Read article
  • Autocrine Regulation of Stomatal Differentiation Potential by EPF1 and ERECTA-LIKE1 Ligand-receptor Signaling

    Development of stomata, valves on the plant epidermis for optimal gas exchange and water control, is fine-tuned by multiple signaling peptides with unique, overlapping, or antagonistic activities. EPIDERMAL PATTERNING FACTOR1 (EPF1) is a founding member of the secreted peptide ligands enforcing stomatal patterning. Yet, its exact role remains unclear. Here, we report that EPF1 and its primary receptor ERECTA-LIKE1 (ERL1) target MUTE, a transcription factor specifying the proliferation-to-differentiation switch within the stomatal cell lineages.
    Read article
  • High-Resolution 3D Imaging of Whole Organ after Clearing

    Zebrafish testis has become a powerful model for reproductive biology of teleostean fishes and other vertebrates and encompasses multiple applications in applied and basic research. Many studies have focused on 2D images, which is time consuming and implies extrapolation of results. Three-dimensional imaging of whole organs recently became an important challenge to better understand their architecture and allow cell enumeration.
    Read article
  • Visualization of DNA Molecules

    Precise low angle rotary shadowing with heavy metals (like platinum) can be used in transmission electron microscopy (TEM) to observe molecular details of objects previously absorbed on a thin, low grain and electron-transparent carbon film. To achieve the highest contrast and better image quality, it is essential that the coating is directional, and it is given at a precise angle toward the sample. The fine grain of the metal layers and the homogeneous thickness of the coating material all over the sample surface are also crucial requirements to achieve high quality TEM images. This requires the method of e-beam evaporation a stream of evaporated material which is very directional, extremely homogeneous, cool and fine grained.
    Read article
  • Leica is MAD about LIBS

    When analyzing material for cleanliness testing, users normally just want a simple way to know whether the particle under scrutiny is normal debris or something more risky. Users can now “LIBS” it to acquire rapidly the composition and then move onto the next manufacturing step.
    Read article
  • Free Webinar-on-Demand: Basics of Microscope Optics

    Microscopy has become easier than ever before. Leica Microsystems offers state-of-the-art microscopes that allow to start microscopy work without a lot of training and expert skills.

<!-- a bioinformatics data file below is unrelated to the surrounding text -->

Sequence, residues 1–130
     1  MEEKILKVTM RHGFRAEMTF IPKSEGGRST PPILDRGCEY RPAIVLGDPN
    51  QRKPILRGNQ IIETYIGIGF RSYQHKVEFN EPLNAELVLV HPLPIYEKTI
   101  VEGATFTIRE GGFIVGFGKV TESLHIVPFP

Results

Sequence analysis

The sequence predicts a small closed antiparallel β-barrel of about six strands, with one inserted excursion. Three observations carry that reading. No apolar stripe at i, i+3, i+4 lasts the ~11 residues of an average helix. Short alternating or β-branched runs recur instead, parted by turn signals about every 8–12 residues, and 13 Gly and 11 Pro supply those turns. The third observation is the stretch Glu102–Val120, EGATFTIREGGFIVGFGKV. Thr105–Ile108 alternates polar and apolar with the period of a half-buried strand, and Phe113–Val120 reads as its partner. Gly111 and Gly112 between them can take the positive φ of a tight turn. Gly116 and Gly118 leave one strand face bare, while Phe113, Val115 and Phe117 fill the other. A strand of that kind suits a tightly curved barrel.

Read article
  • Lifetime – a Proper Alternative

    „Way too complicated!“ - the notorious feedback when it comes to fluorescence lifetime measurements. This will change now! New technologies and new concepts for data evaluation, all implemented in the new Leica SP8 FALCON, render fluorescence lifetime imaging (FLIM) as fuss-free as ordinary confocal imaging. And by the way: with Leica FALCON you can record frames 10 times faster compared to the classical standard. And three (or more) dimensional image stacks or time series are generated in a snap. Four channels simultaneously? No problem! And of course there are tunable excitation wavelength both visible with white light lasers (WLL) and infrared (the latter for multiphoton microscopy). That should be reason enough to delve into fluorescence lifetime imaging. The picture shows a lifetime image of a mouse embryo. Recorded in 722 stitched tiles and fitted for four separate characteristic times. Recording time ca 1 hour – compared to ca 1 day with the classical approach.
    Read article
  • FLIM FRET - Fluorescence Resonance Energy Transfer

    A typical application of FLIM is FLIM-FRET. FRET is a well-established technique to study molecular interactions. It scrutinizes protein binding and estimates intermolecular distances on an Angström scale as well. The SP8 FALCON system together with the integrated FRET analyzer provides FRET-efficiency and binding maps.
    Read article
  • FCS - Fluorescence Correlation Spectroscopy

    FCS is a fluorescence-based measurement method. Fluorescent molecules passing through a strongly focused, fixed laser beam are excited for fluorescence emission. After passing a confocal pinhole, the emitted photons are registered using very sensitive detectors.
    Read article